FRC delegation in Japan highlighted importance of peace in FATA
Contrary to our expectations, Japanese were more polite, civilized, well mannered and hospitable than we had ever thought of. Our host, Japan Foundation was at our service when we landed at the Narita Airport. The sunshine in the middle of the chilly weather was a great luxury. We were taken straight away to Tokyo where we had to participate in a symposium on exploring the possible areas of cooperation between Pakistan and Japan and seeking solution to the decade long issue in the volatile tribal areas of Pakistan that has been at the center of global attention since the tragic incident of 9/11 and the subsequent fall of the Taliban Government in Afghanistan in the wake of the US-led coalition forces attack in late 2001.
Japan Foundation hosted an international symposium to bring people from different shades of opinion including parliamentarians, civil society representatives, media persons, diplomats, academicians and people from the business community round the table to discuss long-standing issues confronting Afghanistan and its adjacent tribal areas of Pakistan to find out viable solution for the sake of peace round the globe in general and in South Asia in particular.
The symposium had two sessions, one in Tokyo and the other one in Kyoto. The one in Tokyo was a great success that attracted over a hundred participants while Professor Osamu Miyata from the Faculty of International Relations University of Shizuoka moderated the sessions.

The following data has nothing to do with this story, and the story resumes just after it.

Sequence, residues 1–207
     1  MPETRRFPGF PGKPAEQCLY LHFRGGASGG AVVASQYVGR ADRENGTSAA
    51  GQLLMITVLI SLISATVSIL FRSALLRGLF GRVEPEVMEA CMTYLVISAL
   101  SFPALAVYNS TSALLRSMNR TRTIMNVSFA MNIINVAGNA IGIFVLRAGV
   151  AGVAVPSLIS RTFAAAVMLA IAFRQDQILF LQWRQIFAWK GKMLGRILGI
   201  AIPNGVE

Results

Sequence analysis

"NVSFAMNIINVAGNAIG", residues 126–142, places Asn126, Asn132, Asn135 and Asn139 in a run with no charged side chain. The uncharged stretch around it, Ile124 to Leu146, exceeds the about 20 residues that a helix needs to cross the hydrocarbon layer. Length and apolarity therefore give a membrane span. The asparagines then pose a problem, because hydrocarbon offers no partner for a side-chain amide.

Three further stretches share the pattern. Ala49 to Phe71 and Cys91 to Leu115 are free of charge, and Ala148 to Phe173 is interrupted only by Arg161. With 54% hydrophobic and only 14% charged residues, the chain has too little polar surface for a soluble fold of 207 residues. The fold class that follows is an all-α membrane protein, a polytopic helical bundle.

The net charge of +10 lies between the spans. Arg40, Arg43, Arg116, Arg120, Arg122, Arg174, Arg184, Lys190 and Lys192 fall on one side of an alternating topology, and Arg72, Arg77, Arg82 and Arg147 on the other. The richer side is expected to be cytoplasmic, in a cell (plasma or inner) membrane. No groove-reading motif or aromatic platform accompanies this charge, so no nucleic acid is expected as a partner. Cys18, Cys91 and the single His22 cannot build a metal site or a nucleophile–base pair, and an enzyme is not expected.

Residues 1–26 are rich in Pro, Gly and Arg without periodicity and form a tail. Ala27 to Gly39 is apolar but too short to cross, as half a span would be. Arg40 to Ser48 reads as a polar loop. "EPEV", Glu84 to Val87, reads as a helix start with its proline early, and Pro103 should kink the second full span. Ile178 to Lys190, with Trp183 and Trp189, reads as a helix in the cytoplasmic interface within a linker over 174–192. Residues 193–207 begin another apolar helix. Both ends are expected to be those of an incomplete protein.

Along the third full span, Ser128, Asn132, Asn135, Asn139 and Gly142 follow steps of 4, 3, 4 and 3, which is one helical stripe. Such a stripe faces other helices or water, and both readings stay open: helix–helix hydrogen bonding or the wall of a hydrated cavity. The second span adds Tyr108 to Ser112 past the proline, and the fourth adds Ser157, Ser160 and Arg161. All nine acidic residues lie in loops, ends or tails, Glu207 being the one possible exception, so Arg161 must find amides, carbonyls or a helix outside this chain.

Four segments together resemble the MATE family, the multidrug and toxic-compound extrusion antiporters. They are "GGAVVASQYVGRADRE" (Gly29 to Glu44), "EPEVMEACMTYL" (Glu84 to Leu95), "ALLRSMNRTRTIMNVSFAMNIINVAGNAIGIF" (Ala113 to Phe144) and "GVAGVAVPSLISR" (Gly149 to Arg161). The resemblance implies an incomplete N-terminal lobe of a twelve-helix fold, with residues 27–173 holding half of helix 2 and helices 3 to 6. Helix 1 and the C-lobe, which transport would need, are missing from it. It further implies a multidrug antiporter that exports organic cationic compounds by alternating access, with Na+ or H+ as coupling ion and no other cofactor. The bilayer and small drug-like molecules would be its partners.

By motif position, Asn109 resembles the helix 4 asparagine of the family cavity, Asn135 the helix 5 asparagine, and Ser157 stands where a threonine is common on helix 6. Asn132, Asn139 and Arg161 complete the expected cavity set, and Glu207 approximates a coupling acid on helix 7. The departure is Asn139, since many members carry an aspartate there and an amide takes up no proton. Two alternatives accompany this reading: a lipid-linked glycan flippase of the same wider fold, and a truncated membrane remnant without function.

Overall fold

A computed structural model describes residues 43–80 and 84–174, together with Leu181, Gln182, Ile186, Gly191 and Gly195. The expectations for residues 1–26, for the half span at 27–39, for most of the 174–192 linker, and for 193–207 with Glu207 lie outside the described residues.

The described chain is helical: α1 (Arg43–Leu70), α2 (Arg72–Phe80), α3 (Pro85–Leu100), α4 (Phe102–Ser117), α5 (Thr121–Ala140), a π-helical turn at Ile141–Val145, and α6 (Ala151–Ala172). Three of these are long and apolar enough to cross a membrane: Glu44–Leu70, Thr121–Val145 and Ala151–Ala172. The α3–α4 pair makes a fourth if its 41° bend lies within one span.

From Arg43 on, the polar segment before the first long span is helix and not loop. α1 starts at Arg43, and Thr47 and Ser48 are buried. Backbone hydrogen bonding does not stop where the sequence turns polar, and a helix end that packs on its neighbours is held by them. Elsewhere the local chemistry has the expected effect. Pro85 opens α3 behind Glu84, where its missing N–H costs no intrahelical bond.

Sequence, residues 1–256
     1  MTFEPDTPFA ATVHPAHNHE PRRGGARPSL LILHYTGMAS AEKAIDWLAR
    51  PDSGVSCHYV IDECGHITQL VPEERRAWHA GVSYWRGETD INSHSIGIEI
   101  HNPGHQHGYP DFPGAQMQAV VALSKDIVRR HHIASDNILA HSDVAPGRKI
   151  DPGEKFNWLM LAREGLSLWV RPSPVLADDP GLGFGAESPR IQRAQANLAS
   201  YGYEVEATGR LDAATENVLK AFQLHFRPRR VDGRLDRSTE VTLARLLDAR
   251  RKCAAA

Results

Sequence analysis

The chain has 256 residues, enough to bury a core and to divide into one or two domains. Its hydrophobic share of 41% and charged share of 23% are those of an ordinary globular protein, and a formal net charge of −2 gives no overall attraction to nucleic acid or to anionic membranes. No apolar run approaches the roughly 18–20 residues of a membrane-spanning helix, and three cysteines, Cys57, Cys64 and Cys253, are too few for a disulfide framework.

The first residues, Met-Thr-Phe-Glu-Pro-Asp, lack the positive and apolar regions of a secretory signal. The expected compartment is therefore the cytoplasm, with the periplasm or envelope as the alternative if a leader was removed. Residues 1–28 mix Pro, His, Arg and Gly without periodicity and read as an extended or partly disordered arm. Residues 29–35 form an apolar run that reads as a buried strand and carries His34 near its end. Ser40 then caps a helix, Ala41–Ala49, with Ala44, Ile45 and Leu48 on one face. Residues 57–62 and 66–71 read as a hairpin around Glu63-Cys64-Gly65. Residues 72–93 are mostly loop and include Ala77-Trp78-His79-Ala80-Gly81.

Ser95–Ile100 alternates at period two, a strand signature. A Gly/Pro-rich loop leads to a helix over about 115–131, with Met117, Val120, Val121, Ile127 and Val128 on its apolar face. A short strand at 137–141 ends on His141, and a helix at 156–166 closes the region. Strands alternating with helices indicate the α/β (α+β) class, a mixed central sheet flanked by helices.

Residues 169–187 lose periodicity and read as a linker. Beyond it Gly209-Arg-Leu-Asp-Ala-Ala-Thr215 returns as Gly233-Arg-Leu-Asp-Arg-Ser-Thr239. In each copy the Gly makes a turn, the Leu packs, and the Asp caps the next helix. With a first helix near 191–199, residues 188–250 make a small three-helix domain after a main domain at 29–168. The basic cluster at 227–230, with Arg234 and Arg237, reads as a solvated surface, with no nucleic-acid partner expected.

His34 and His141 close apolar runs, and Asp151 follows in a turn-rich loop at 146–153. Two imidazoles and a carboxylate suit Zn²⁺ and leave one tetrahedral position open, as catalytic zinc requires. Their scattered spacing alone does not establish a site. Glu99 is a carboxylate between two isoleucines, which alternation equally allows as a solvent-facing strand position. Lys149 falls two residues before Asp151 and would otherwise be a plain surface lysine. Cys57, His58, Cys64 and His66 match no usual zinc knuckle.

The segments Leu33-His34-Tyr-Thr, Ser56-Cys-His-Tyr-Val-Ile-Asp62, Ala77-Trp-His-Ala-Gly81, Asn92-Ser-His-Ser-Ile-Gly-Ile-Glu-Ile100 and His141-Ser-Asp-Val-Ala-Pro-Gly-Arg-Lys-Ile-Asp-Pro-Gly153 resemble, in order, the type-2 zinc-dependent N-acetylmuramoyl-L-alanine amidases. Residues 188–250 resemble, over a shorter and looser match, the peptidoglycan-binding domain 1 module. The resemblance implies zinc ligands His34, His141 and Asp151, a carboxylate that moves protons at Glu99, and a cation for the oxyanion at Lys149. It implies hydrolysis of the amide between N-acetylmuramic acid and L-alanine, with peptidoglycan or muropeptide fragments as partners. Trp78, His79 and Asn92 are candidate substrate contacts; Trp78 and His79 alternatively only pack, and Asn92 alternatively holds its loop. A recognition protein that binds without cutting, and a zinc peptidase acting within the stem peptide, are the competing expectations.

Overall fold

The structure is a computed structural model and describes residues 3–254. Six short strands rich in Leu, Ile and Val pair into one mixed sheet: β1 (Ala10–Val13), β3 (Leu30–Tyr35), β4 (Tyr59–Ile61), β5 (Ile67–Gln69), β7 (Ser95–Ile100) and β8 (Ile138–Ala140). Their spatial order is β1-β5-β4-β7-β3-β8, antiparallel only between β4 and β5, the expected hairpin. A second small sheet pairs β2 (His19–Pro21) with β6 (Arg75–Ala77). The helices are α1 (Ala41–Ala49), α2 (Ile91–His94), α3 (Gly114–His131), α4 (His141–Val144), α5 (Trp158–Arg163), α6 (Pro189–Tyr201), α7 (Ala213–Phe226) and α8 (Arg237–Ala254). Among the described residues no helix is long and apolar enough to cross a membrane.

The writer’s (Dr Ashraf Ali, President, FATA Research Center) speech took note of how terrorism and violent extremism made its way to once peaceful region of the World-called FATA (the Federally Administered Tribal Areas) of Pakistan that shares a long border with Afghanistan. During the 15 minutes presentation efforts were made by Dr Ashraf to explain how the Russian invasion of 1979 paved way for the rise of ‘Jihadi’ culture in Afghanistan offering the Taliban a golden opportunity to take control of the country and rule it on their own whim. After the fall of the Taliban government in Afghanistan, the Afghan Taliban found good sanctuaries in FATA where they were able to exploit the Pashtun code of ‘Pashtunwali’ (Pashtun’s traditional social norms and values) well in their favor and garner the support of the local people. The political and judicial vacuum, lack of political platform and the developing sense of deprivation amongst people were the main factors responsible for the rising tide of militancy in the region.
Mansur Khan Mahsud, a research scholar at the FATA Research Center spoke at length on the areas where enhanced cooperation between Pakistan and Japan could better contribute to the stabilization of the troubled area that has now become a global flashpoint. He said there were quite a lot of areas where both the countries could explore the possibilities of working together.
Hailing from the South Waziristan Agency of FATA, Mr Khan pointed out that Education was the dire need of FATA. So was health, he added.
Mr Khan highlighted the available potential in the fields of livestock, forestry and agricultural sectors prevailing in FATA saying if this potential was explored and exploited scientifically it will change the socio economic scenario of the area but also play its role in economic growth of Pakistan. Besides natural resources, the war-riddled FATA possesses huge reserves of mineral resources, which will be more than enough to generate employment and economic opportunities for young lot hence stopping them from joining the Taliban ranks and ultimately putting the area back on the track to progress and prosperity.